I Think This Post Warrants Four Keyboards

At his blog, Seth Roberts has repeatedly lamented that in scientific discourse, there is too much criticizing the weaknesses of scientific work and too little appreciation of its strengths:

For a few years, I attended a meeting called Animal Behavior Lunch where we discussed new animal behavior articles. All of the meetings consisted of graduate students talking at great length about the flaws of that week’s paper. The professors in attendance knew better but somehow we did not manage to teach this. The students seemed to have a very strong bias to criticize. Perhaps they had been told that “critical thinking” is good. They may have never been told that appreciation should come first.

Based on my experience, which, of course, differs from his, it seems to me he is overstating the case. This seeming imbalance is largely due to the way communication works in scientific fields. No journal would publish an uninvited comment that reads, "The article 'Social Networks in Car Manufacturing Management' by James Miller was really brilliant. I learned a lot from it and I think the innovative survey technique he used should also be utilized by other researchers who study social networks. I made multiple photocopies of the article and sent them to my friends..."

O.k., I'm getting carried away here, but you get the idea.

The norm to focus on weaknesses makes sense because in nine out of ten (or so) cases you can learn more from someone pointing out weaknesses rather than strenghts. In part this is because the author of the original article will already have put some effort into pointing out the strengths of his work and in part it is due to something I haven't figured out yet.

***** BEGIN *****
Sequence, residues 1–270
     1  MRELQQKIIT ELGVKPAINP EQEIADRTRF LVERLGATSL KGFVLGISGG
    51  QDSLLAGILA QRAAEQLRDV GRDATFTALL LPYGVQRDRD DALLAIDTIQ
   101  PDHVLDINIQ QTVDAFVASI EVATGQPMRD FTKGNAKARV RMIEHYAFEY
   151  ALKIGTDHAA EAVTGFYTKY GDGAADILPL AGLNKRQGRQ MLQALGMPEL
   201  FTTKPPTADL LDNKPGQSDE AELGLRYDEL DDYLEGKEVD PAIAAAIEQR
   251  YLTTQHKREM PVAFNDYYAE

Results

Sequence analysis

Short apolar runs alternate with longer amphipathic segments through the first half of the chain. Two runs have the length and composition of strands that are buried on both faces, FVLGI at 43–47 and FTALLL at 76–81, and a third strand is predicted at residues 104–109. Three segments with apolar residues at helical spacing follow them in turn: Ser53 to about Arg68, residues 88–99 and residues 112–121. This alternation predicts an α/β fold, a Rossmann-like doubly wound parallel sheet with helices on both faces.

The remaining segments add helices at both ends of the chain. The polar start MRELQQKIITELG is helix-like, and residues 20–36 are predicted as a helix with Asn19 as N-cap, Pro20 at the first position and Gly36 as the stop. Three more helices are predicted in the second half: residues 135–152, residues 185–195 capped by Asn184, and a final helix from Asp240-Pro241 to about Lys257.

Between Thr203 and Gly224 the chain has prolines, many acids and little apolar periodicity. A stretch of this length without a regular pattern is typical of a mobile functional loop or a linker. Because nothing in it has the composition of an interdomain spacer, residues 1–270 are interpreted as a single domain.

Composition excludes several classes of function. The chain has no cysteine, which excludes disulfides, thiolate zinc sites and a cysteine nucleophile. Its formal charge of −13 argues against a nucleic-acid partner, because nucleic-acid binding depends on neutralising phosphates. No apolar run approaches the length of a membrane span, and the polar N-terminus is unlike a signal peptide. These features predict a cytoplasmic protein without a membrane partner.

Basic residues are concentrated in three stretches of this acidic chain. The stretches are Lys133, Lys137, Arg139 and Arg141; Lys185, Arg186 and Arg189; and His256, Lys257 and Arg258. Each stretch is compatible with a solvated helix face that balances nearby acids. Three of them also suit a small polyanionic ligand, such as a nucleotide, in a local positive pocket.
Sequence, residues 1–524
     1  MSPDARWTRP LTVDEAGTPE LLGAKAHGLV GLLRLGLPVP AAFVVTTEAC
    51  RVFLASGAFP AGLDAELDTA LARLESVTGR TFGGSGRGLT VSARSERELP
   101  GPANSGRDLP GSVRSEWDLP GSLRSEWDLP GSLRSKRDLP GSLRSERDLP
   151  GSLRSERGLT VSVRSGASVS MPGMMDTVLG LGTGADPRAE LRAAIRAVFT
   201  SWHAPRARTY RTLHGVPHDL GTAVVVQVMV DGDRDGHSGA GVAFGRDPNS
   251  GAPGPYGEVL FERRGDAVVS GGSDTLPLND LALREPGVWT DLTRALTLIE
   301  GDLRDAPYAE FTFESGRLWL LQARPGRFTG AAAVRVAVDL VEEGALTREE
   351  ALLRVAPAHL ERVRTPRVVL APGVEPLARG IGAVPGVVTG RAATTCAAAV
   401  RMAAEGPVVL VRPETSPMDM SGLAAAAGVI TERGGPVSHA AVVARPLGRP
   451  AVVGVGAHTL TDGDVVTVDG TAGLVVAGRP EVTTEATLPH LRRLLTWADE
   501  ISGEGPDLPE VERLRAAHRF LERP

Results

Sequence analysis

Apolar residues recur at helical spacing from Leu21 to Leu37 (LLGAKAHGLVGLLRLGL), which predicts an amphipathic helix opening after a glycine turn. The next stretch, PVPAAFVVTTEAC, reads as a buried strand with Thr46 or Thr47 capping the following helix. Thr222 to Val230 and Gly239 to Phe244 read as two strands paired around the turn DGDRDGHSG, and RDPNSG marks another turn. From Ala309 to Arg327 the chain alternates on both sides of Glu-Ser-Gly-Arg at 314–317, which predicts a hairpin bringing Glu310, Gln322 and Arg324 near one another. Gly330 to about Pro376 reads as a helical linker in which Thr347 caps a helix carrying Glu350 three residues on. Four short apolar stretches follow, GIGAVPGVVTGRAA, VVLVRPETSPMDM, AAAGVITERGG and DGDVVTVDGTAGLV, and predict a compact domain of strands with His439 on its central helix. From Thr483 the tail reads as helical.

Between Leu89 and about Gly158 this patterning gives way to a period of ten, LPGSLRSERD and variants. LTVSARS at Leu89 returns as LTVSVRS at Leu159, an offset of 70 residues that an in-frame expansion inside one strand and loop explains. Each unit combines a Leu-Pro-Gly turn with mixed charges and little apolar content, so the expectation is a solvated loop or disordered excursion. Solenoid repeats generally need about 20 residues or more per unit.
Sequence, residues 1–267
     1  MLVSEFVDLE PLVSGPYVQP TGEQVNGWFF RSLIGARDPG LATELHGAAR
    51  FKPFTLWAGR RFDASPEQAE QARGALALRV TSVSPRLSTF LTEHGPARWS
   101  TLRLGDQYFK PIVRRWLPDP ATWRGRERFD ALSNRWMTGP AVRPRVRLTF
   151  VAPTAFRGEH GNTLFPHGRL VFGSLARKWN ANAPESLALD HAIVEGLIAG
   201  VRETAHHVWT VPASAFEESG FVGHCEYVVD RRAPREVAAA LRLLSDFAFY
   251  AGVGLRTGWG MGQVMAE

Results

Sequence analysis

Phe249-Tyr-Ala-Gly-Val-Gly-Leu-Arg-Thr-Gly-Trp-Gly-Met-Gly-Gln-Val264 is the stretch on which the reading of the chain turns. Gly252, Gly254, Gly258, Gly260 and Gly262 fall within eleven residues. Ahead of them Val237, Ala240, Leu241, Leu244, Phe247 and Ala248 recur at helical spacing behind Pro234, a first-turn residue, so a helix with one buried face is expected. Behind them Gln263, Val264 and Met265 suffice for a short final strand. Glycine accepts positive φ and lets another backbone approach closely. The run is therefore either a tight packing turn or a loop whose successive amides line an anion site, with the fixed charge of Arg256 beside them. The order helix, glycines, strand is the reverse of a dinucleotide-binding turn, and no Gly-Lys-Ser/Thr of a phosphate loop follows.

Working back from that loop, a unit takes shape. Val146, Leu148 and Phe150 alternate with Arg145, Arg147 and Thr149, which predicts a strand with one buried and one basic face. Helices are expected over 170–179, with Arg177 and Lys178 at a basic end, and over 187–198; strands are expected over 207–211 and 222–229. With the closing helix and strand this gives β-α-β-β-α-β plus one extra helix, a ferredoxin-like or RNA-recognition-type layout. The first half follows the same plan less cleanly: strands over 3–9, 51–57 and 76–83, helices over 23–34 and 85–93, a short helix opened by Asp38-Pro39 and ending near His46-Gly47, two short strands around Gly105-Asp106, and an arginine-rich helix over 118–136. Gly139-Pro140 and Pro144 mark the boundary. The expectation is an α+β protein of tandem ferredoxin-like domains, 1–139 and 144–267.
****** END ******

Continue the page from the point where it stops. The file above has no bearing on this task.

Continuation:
So, if an author publishes an article in a journal and everybody really likes it, they're just going to stay silent. This is a problem, however, because silence may also mean that nobody's read it (which is arguably even worse than people disliking it). Silence is a noisy signal.

I have an idea. All journals have webpages nowadays. At Amazon you can rate books on a five-star scale. On YouTube you can rate videos, also on a five-star scale. And so on. I propose that academic journals let anybody who has access to the digital version of their articles rate articles on a similar scale. It shouldn't be stars; rather, something more scholarly, say, pens. Or brains.

Wait a minute, stars would be ideal for astronomy journals. Test tubes for chemistry journals. Bullets for criminology journals. Etc., etc.

Think about it: "Five bullets? That's a must-read!" "Only two brains? Boy, it seems that Wilson bloke is really losing it, shame!"

Oh, and I think invited comments should come with "thumbs up" or "thumbs down" icons.

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